To make the most of an iPhone, I’d have to use an Apple computer, like a MacBook Air or a MacBook Pro. And that’s the source of my problem.
There are plenty of iPhone users who use Windows 10 computers. And there’s no problem with that. I don’t think you’re doing anything wrong.
But here’s an opinion: If you want to make the most of the iPhone and the large amounts of money you spent on it, your best bet is to use other Apple devices like a MacBook Air or a MacBook Pro to complete the ecosystem. Otherwise, your iPhone is just like any other smartphone — a vehicle for apps that takes a few photos sometimes.
That’s how I feel about my old iPad Mini 2, which I got when I was entrenched in Apple’s ecosystem. Without things like iMessage and FaceTime, my iPad Mini 2 is just an expensive screen that plays Netflix videos. I could have bought an Android tablet that costs hundreds less at the time that does the same thing.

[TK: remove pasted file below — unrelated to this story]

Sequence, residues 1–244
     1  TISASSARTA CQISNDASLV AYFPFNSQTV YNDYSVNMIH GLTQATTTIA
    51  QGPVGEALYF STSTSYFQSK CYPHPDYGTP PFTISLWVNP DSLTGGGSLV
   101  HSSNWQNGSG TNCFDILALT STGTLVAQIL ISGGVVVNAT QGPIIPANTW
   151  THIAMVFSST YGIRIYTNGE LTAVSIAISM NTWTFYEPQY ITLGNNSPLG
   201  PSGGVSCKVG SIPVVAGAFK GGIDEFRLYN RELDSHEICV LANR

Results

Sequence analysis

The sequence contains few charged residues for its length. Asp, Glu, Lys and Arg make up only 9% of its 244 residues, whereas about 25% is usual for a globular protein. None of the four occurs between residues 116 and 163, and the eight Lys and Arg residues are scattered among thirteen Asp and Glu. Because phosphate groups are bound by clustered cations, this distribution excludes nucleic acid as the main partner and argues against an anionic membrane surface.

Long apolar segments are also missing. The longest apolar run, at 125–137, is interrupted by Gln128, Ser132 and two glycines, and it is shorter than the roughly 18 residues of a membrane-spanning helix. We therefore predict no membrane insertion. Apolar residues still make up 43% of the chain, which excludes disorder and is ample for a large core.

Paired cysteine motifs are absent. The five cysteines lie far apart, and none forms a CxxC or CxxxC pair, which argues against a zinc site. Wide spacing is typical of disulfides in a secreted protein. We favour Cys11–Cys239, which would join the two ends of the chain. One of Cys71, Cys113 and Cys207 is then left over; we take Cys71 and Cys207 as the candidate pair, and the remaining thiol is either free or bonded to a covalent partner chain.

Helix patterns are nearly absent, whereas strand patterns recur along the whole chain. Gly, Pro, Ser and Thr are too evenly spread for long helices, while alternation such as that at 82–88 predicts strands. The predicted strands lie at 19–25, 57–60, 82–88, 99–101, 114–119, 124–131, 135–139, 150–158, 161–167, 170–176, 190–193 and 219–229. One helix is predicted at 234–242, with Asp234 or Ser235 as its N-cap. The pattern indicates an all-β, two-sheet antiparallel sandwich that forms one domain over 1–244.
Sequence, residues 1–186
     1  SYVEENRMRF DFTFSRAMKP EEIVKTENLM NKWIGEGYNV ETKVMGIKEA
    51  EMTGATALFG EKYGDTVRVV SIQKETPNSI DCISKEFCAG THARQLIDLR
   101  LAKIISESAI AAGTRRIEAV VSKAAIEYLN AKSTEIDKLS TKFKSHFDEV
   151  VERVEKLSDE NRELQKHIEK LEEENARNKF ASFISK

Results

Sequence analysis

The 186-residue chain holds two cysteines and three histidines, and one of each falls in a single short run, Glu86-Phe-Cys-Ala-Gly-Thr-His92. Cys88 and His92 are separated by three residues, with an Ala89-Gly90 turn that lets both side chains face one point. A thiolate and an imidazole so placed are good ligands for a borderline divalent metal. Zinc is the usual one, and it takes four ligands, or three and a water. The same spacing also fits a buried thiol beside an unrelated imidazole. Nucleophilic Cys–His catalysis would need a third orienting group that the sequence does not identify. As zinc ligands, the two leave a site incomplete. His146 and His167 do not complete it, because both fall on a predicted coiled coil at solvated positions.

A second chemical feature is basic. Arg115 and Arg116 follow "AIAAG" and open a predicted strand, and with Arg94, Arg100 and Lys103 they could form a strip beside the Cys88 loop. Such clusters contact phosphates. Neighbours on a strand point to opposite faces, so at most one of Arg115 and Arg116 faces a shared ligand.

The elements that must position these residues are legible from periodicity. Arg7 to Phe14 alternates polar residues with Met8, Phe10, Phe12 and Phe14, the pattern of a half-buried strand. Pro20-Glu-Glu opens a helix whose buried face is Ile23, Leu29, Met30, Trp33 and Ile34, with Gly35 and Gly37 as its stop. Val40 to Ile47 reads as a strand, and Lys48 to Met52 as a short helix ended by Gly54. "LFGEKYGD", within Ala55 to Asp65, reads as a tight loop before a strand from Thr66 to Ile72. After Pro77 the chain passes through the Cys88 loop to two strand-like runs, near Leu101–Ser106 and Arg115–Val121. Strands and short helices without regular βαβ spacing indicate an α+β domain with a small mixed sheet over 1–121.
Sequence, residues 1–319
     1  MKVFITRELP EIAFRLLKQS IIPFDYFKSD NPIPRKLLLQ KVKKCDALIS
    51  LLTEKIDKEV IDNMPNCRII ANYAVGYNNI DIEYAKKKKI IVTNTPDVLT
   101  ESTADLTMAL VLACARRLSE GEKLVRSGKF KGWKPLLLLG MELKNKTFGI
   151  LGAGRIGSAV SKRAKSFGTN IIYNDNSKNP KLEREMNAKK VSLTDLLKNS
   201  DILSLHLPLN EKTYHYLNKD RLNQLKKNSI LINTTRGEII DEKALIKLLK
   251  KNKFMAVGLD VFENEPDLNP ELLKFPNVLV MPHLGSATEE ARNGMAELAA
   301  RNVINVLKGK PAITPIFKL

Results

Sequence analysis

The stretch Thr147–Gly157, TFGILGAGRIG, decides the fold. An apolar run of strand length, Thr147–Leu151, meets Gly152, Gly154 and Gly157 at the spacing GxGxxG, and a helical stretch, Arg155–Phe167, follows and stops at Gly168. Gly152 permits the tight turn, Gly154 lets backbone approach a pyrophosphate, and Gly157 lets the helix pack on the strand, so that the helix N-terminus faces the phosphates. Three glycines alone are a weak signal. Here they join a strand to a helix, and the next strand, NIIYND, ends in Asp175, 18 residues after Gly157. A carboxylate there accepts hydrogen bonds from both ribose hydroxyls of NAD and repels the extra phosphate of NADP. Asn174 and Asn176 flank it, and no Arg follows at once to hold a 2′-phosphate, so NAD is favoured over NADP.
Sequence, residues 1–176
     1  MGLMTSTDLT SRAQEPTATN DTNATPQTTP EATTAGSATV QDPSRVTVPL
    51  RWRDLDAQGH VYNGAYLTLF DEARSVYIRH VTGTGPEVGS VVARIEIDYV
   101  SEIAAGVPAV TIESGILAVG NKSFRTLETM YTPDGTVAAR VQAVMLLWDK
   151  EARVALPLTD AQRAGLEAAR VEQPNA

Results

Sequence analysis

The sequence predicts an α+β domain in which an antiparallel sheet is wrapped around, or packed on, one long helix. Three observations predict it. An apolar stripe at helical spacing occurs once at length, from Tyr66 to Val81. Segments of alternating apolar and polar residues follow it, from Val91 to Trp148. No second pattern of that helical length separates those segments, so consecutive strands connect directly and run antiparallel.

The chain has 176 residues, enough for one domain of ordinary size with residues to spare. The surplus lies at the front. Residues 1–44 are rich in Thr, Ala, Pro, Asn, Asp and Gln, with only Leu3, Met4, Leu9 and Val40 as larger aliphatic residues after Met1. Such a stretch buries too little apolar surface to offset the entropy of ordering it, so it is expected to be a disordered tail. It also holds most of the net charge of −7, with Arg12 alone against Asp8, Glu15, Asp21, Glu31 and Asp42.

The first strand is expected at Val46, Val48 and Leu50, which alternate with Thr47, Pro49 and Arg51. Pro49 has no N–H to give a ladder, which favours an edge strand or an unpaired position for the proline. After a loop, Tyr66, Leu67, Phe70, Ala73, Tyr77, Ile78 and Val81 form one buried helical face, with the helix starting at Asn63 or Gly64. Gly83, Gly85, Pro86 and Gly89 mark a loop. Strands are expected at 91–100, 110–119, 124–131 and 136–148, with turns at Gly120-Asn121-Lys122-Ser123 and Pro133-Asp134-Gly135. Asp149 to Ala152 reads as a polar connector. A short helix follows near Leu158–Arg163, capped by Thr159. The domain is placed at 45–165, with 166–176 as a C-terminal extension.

With Apple’s stuff, the key differentiator is the ecosystem. Apple devices work so well with one another with little bits and features like AirDrop, iMessage, and FaceTime on macOS; unlocking a Mac laptop with an Apple Watch; or auto-pairing and finding lost AirPods.
And then, there are the Apple Stores and the hubs they’ve become as places you can go when you’re not sure about something or when something goes wrong. I personally don’t agree with Apple’s device-repair ideology, but at least the Apple Store is something, some physical place that a lot of Apple customers can go to talk to a human, face to face, in times of confusion and despair. That’s huge. I once had my cracked iPhone 6S Plus screen repaired at an Apple Store free, out of warranty. I’ll always remember that.
It’s frankly amazing that so many other companies haven’t seen physical locations like the Apple Store as a worthwhile investment. If they did, there would be more Microsoft stores, Google stores, Samsung stores, and so on.
But nay, keep me away from Apple’s temptation.